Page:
16. "The report of a Board or Court and the award of a Tribunal shall be in writing and shall be signed by all the members of the Beard, Court or Tribunal, as the case may be:

Provided that nothing in this section shall be deemed to prevent any member of the Board, Court or Tribunal from recording a minute of dissent from a report or award from any recommendation made therein.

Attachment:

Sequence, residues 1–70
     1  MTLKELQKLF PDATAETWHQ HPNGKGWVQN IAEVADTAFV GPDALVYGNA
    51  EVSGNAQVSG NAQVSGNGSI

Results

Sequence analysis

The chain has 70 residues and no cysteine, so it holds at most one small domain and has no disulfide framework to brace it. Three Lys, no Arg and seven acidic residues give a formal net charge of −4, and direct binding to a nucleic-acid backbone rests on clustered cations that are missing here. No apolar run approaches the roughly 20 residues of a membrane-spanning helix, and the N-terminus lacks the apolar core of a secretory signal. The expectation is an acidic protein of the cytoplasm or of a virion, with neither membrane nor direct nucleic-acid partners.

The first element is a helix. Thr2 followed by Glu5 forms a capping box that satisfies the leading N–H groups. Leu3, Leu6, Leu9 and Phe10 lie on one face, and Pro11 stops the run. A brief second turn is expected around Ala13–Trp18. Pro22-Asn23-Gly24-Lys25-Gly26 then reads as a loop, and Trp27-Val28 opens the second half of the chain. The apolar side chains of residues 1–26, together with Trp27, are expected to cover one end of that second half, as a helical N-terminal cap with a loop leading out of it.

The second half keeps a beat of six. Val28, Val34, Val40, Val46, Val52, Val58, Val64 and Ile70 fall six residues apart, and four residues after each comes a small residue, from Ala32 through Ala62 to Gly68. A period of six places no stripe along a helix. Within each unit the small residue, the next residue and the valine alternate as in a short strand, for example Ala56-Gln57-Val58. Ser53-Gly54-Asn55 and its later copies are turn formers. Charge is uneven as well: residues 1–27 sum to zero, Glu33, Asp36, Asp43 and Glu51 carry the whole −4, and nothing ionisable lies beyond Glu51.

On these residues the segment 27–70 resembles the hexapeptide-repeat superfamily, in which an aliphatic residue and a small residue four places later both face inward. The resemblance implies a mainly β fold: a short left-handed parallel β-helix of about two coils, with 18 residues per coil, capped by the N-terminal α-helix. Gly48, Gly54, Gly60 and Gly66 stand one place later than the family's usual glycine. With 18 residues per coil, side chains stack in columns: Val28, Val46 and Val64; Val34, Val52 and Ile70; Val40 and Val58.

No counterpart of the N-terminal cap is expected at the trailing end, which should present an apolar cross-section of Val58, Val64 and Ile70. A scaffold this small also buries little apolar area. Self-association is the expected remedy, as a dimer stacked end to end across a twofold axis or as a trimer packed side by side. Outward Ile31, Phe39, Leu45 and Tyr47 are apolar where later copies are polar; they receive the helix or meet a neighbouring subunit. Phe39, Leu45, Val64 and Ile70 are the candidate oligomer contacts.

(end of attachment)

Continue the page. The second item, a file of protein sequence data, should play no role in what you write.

(3.)CONFINING our attention to the aspect of absence of members at the sittings of the different bodies and what results follow therefrom, it is clear that under Section 5(4) when a member of a Board of Conciliation is absentor there is a vacancy, the Board is permitted to act, notwithstanding such absence, provided there is the prescribed quorum. Such quorum is fixed by the rules framed under the Act. According to the proviso to this sub -section however if the appropriate Government notifies the Board that the services of the chairman or any other member have ceased to be available, the Board shall not act until a new chairman or a member, as the case may be, has been appointed. Reading these two parts together, it is therefore clear that a distinction is drawn between the situation arising from the absence of the chairman or any of its members and a vacancy in the Board, and the position when the Government has intimated that the services of a chairman or member have ceased to be available. The words "having the prescribed quorum" put a further limitation on the right of the remaining members of the Board to act, when all of them are not acting together. The proviso thus makes it clear that when the services of a chairman or member have ceased to be available and that fact has been notified to the Board by the appropriate Government, the remaining members have no jurisdiction to act in the name of the Board. Thus all the contingencies of temporary or causal absence, as well as permanent vacancy, and the contigency of the chairman or a member's services having ceased to be available are contemplated and provided for. In the same way and in the same terms, provision is made in respect of the Court of Inquiry in Section 6(3). The provisions as regards the Tribunal are found in Section 7. No other section deals with the establishment of the Tribunal. The first clause empowers the appropriate Government to constitute one or more Industrial Tribunals having the functions allotted to it under the Act. Sub -clause (2) provides that a tribunal shall consist of such number of members as the appropriate Government thinks fit. This clause therefore authorizes the appropriate Government to fix the number of members which will constitute the tribunal. Sub -clause (3) and the proviso deal with the qualifications of individuals to be members with which we are not concerned. Although in this section there is no provision like Sections 5(1) and 6(1) requiring a notification of the constitution of the tribunal in the official Gazette, the deficiency is made up by Rule 5 of the Industrial Disputes Rules, 1949, framed by the Government under Section 38 of the Act. The rule provides that the appointment of a Board, Court or Tribunal "together with the names of the persons constituting the Board, Court or Tribunal" shall be notified in the official Gazette. It is therefore obligatory on the appropriate Government to notify the composition of the Tribunal and also the names of the persons constituting the same. In respect of a tribunal which is entrusted with the work of adjudicating upon disputes between employers and employees which have not been settled otherwise, this provision is absolutely essential. It cannot be left in doubt to the employers or the employees as to who are the persons authorized to adjudicate upon their disputes. This is also in accordance with notifications of appointments of public servants discharging judicial or quasi -judicial functions. The important thing therefore to note is that the number forming the tribunal and the names of the members have both to be notified in the official Gazette for the proper and valid constitution of the tribunal.